NIH grant support
Details about each funded project are given below
The overall goals are (a) understanding relative clinical, biological and immuno-suppressive determinants of response to proton vs. photon therapy; (b) developing personalized response predictive models based on such determinants; and (c) applying individualized (as opposed to population-based) approaches for the selection of the optimum radiation modality for each patient and to enhance the therapeutic potential with IMRT and IMPT dose distributions tailored to an individual patient’s baseline and tumor characteristics. These goals will be achieved in three synergistic projects. Project 1: Understanding Normal Tissue Toxicity to Identify Patients Most Likely to Benefit from Proton vs. Photon Therapy; Project 2: Radiation-Induced Lymphopenia: Understanding, Predictive Modeling and Developing Photon and Proton-Based Mitigation Strategies; and Project 3: Investigating Enhanced Sensitivity of Tumors to Proton Beam Therapy: Mechanisms and Biomarkers. The projects are highly integrated in that treatment modality selection and dose distribution optimization to maximally enhance the therapeutic ratio must consider and balance normal tissue complications (Project 1), radiation-induced immuno-suppression (Project 2) and tumor response based on genotypic factors (Project 3), which cannot be accomplished by any one project alone.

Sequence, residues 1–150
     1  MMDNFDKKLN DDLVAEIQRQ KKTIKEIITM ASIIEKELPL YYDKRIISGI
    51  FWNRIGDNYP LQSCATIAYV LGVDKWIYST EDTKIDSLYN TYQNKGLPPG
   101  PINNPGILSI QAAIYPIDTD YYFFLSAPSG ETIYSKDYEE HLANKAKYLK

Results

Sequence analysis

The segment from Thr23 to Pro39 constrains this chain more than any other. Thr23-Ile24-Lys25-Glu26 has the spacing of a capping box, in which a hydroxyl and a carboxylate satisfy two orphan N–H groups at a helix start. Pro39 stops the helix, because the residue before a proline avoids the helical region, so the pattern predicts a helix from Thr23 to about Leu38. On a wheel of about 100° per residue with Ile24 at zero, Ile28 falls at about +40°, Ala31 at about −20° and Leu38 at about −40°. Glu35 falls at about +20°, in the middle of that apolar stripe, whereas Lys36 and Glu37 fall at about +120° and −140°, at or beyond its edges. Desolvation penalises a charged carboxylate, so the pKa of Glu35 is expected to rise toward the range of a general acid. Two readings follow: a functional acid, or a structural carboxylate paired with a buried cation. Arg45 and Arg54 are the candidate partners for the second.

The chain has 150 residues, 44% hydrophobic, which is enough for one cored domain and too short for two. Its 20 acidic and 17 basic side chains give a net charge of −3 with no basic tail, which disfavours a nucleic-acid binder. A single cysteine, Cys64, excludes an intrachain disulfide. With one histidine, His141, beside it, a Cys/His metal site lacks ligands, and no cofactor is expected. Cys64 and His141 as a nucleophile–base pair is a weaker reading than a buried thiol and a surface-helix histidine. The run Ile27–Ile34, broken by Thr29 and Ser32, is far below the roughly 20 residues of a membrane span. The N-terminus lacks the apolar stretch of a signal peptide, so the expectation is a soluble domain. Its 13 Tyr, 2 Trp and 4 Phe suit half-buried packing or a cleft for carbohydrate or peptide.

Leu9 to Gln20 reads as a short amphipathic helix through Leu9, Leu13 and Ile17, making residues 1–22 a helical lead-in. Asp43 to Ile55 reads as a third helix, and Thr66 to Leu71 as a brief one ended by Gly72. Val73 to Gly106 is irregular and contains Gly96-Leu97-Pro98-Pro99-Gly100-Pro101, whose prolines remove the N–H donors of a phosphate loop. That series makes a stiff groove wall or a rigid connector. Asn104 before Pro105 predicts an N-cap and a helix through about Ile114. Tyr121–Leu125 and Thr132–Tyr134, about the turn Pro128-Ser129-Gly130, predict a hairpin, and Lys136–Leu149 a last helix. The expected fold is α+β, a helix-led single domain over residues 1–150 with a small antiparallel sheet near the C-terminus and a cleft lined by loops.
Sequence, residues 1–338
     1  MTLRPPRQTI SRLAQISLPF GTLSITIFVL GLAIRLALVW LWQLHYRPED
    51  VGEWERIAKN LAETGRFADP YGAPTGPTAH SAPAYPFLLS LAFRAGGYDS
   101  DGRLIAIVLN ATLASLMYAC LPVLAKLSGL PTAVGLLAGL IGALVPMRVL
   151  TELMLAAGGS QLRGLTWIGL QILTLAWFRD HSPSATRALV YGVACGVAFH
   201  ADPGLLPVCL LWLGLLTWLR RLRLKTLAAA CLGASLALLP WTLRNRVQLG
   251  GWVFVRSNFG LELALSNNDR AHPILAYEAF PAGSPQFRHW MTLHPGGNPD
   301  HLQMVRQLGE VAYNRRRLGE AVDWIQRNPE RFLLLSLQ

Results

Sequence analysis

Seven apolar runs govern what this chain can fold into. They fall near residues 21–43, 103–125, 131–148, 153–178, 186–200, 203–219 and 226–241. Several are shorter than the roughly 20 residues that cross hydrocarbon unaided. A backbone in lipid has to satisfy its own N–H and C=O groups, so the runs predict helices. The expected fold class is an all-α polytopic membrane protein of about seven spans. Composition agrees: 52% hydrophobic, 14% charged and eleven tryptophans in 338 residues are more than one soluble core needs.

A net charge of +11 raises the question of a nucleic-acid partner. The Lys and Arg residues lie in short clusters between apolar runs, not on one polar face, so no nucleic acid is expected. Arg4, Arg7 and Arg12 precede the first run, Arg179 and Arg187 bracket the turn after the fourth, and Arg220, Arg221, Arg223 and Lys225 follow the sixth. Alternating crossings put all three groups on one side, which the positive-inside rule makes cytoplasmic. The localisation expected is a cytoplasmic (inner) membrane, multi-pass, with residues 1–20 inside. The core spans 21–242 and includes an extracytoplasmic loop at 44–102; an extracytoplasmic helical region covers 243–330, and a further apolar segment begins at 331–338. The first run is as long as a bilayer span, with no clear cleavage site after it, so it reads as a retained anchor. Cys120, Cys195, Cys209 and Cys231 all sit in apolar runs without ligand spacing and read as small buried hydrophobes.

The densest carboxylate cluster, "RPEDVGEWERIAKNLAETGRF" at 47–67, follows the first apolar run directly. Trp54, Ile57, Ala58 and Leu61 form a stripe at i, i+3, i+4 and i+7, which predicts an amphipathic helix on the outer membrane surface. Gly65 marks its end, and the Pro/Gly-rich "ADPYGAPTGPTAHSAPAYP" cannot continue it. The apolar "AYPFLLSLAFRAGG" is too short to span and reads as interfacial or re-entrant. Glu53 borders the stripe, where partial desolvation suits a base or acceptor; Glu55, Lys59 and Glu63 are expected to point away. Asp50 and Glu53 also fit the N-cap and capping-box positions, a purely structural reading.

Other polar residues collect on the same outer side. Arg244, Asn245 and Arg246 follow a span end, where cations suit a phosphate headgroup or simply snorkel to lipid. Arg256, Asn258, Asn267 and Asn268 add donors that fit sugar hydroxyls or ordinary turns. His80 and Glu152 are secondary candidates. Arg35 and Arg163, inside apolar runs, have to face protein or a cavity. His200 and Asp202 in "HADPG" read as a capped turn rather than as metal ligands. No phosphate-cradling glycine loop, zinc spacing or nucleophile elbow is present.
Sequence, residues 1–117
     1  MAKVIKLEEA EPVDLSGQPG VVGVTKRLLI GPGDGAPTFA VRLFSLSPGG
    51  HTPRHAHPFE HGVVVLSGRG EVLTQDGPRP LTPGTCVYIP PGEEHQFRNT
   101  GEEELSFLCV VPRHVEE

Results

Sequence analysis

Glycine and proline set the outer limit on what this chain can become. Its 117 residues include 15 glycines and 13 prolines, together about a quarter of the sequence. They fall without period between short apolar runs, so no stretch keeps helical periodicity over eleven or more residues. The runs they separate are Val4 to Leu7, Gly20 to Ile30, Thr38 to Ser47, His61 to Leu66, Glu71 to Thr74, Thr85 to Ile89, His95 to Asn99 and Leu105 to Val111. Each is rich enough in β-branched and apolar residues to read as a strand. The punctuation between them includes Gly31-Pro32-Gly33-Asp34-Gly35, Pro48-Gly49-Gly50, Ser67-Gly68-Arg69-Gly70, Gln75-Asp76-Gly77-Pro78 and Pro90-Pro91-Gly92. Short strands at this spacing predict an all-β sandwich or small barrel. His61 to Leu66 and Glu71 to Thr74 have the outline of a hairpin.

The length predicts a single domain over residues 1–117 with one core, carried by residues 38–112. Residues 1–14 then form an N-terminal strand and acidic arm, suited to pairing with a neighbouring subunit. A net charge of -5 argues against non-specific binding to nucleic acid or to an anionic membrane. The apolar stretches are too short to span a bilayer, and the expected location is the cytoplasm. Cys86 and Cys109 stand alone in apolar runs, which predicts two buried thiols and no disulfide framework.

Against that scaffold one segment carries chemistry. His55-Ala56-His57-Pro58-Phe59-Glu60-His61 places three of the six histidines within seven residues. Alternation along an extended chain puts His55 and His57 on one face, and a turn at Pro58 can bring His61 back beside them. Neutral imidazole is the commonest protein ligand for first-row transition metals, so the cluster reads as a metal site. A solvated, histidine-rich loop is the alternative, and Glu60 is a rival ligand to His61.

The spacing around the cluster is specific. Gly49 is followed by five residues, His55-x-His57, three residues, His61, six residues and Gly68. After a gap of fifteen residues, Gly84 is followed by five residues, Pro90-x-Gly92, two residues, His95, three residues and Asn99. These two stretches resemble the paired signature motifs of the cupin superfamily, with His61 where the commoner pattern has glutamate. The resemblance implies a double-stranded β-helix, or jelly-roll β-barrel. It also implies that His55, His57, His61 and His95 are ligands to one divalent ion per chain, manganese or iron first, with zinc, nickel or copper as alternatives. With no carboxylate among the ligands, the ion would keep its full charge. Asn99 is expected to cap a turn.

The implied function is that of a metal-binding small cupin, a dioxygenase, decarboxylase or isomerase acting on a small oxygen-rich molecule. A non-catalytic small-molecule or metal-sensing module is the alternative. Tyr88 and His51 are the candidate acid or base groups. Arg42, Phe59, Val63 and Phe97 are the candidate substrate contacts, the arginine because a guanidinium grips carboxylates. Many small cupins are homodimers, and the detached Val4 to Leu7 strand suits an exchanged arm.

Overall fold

While adaptive therapy has been studied before, none of the previous studies deals with the unique challenges (range uncertainties) and unique capabilities (beamlet optimization and prompt gamma imaging) of proton therapy. This proposal will for the first time address these aspects by developing innovative hardware and software methodologies. We envision treatment planning and delivery to be fully adaptive in terms of intra- fractional changes in patient geometry. This proposal aims at predicting the dose distribution (or a surrogate thereof) in the patient immediately prior to treatment delivery and correct for any discrepancies between the measured and intended dose in less than 2 minutes. This will enable us to deliver (proton) radiation therapy in an adaptive setting and much reduced target volume margins (2mm isotropic plus 2mm range margin in proton therapy in the beam direction) daily while the patient is positioned on the treatment table. We propose to achieve this goal by simultaneously developing fast hardware and software tools that take advantage of in-room prompt gamma and cone-beam CT imaging in combination with fast dose calculation. We will combine this technology with a novel framework on beamlet adaptation. While some of our methods will improve photon therapy as well, we will focus on proton therapy because it offers unique opportunities to dose verification in vivo as well as unique challenges due to range uncertainties. Our methodology will be made available to the entire proton therapy community.
NIBIB R01 EB031102 Constrained Disentanglement (CODE) Network for CT Metal Artifact Reduction in Radiation Therapy
A majority of cancer patients receive radiation therapy as a critical part of their treatment, and many of these patients have metal objects leading to metal-induced CT artifacts. Metal artifacts compromise or preclude radiation therapy in an estimated 15% of all radiation therapy patients. Our overall goal is to eliminate CT metal artifacts in general and improve RT in particular using an integrated deep learning solution.
NCI R21 CA252562 Understanding the importance of dose-rate variations for patient treatments in FLASH and conventional radiation therapy